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Ella Enchanted is mostly known these days as an early Anne Hathaway effort that didn’t really do much for critics or fans. Of course, it has Anne Hathaway. So, eight years after the fact, it gets the Blu-ray release you never asked for or needed.
If Shrek had never existed and it were still 2004, then I’d probably like Ella Enchanted slightly more than I do. The Anne Hathaway fairy tale with modern sensibilities and juxtaposition jokes smells too much like the Mike Myers ogre and donkey buddy picture from 2001, with a heaping helping of girl power. It’s not a great movie, regardless, but it suffers in comparison to the far superior movie and gets a little staler every time it is viewed.
It’s really too bad, because there are several great actors at work, here. Hathaway, playing the titular Ella, is fresh off Princess Diaries and is as appealing and enjoyable as ever—it’s simply that her character is kinda boring. It might have seemed better when a heroine who was smart, tough, and her own woman was a newish kind of thing, but that day has long passed and we are now flush with plucky and self-sufficient gals in fairy (or fairy-ish) tales. This is old hat.
The plot is pretty directly out of fairy tale crazy. Hathaway’s Ella is cursed by a fairy (Vivaca A. Fox) into living a life where she is forced to do everything she’s told. The “gift” of obedience. It’s as horrible as it sounds. Despite this, nothing much happens until her mother dies and her father (Patrick Bergin) marries her wicked step-mother (Joanna Lumley), a package that is complete with wicked step-sisters. Ella’s developed a sense of justice and is against how ogres (ogres!) and elves and other creatures are being robbed of their land by the Prince Regent (Cary Elwes), are made to endure prejudice, and are forced to work as slaves. That’s right, the point of this movie is that slavery and prejudice are wrong. Ella sees it and tries to make her budding romance partner and future king Prince Char (Hugh Dancy) see it too.
Here’s an example of the quality of the jokes in Ella Enchanted. The evil stepmother says she wants to look 25 for a royal ball and wonders how can that be achieved. Another character mutters, “time machine.” Get it? Clearly, I can’t stop laughing. It’s almost as funny when an elf tries to climb up on a bench next to a giant and the giant’s fart blows him off the bench. Most of the jokes are of that ilk. Well, that’s the only fart joke but there is an ogre (an ogre!) who gets hit in the nuts by a post…hi-larious.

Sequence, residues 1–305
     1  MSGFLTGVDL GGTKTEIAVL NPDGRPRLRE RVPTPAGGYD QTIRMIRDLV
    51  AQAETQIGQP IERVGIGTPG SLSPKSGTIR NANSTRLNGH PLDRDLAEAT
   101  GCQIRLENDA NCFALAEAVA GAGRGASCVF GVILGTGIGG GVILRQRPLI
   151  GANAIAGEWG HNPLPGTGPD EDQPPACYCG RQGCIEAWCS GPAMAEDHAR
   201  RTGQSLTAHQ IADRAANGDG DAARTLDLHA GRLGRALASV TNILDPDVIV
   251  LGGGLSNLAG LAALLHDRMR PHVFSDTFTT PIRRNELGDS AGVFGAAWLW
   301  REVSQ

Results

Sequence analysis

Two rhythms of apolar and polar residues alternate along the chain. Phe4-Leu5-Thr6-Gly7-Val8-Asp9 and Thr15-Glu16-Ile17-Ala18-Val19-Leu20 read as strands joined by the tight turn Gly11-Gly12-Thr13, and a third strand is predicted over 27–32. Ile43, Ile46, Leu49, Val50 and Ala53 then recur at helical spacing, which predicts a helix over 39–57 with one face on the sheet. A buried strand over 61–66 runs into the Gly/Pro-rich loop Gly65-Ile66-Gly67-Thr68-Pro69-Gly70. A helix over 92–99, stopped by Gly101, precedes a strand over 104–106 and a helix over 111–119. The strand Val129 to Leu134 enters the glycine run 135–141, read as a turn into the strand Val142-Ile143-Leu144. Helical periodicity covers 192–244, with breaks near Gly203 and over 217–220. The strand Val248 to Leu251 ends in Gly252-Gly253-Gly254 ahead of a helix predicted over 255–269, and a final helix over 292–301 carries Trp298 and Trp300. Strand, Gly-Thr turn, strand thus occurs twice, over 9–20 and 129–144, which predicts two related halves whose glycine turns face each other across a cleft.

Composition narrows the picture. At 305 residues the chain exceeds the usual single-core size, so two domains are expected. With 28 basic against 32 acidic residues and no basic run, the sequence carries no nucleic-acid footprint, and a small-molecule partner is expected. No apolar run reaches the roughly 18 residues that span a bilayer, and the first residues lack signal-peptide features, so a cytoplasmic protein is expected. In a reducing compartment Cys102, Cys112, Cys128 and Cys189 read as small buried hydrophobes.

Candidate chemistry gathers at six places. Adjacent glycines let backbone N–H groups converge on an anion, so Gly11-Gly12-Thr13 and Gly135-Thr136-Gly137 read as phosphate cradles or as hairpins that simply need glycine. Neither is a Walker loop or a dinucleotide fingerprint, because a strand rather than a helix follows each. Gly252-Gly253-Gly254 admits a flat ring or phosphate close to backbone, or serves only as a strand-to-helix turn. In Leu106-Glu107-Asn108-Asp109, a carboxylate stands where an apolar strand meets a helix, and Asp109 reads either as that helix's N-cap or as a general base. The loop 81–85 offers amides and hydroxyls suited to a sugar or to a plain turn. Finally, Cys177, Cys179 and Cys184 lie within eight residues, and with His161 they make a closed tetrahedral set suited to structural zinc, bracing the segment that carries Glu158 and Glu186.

So, you have a movie that was sorta derivative in 2004 and seems even more so now. It has fairy tale kids saying “bite me” to each other, which really wasn’t even that funny when the phrase was a thing. Ella Enchanted doesn’t even have great jokes or light-hearted performances to save it.
The Blu-ray combo pack gives you the glorious HD, but nothing else that is new from previous DVD releases. Everything included has already been released so if you have a DVD version, I can’t really see the need to upgrade to this set. The HD is nice, but really, two copies of Ella Enchanted, who needs that?
There is a pretty charming commentary from director Tommy O’Haver, Anne Hathaway, and Hugh Dancy, which seems--based on what they are saying at times—to have been recorded right before the film premiered in theaters. The commentary is both informative and fun. There are way, way too many “ohhh, that person is so nice and so great and so amazing” moments in the commentary, but there is also a lot of breezy back and forth between the three people, as well as backstage information that is always fun to hear, especially with the large number of effects shots in this film.
Once you get past the commentary, things get “eh” pretty quickly. There are two half-hour “making-of” specials that must have played on TV around the time of the film’s release. They are fine, but use the same material, right down to the same introduction and quotes, so they are pretty repetitive. One features the film’s premiere and the other focuses on some behind-the-scenes stuff and interviews. There’s even a push to make one of the soundtrack artists into the new teen singing sensation, and it’s funny to realize that eight years later, this was probably the only thing she ever did, since I’ve never heard of her. At nearly an hour total, there is a lot of repeated content.
Making sure nothing goes to waste, there are about 15 minutes in either extended or deleted scenes. These also feature commentary, this time by O’Haver and Dancy. Nothing really jumps out as particularly hilarious or critical to watch, but if you like the film, you’ll get a little bit more of it.
The rest of it is filler junk. There is a music video for the song “It’s Not Just Make-Believe” sung by the person I’ve never heard of. It’s not a good song. There is a game for kids that’s on the DVD only and you can put the DVD in your computer and get some more material. Plus, there are some trailers for the worst animated and kids movies I think I’ve ever seen. They all looked awful. The movie’s not great and this set of extras is a repeat of the DVD. No real reason to pick this up.
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